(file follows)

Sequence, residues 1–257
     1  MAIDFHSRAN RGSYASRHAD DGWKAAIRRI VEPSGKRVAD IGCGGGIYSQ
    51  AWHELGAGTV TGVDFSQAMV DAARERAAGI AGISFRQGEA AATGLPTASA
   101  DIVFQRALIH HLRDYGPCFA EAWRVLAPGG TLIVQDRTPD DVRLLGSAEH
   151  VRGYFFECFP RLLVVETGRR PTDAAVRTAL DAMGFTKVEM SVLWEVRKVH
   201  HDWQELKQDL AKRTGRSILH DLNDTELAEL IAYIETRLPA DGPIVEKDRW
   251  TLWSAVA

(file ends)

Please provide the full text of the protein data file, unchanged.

Sequence, residues 1–257
     1  MAIDFHSRAN RGSYASRHAD DGWKAAIRRI VEPSGKRVAD IGCGGGIYSQ
    51  AWHELGAGTV TGVDFSQAMV DAARERAAGI AGISFRQGEA AATGLPTASA
   101  DIVFQRALIH HLRDYGPCFA EAWRVLAPGG TLIVQDRTPD DVRLLGSAEH
   151  VRGYFFECFP RLLVVETGRR PTDAAVRTAL DAMGFTKVEM SVLWEVRKVH
   201  HDWQELKQDL AKRTGRSILH DLNDTELAEL IAYIETRLPA DGPIVEKDRW
   251  TLWSAVA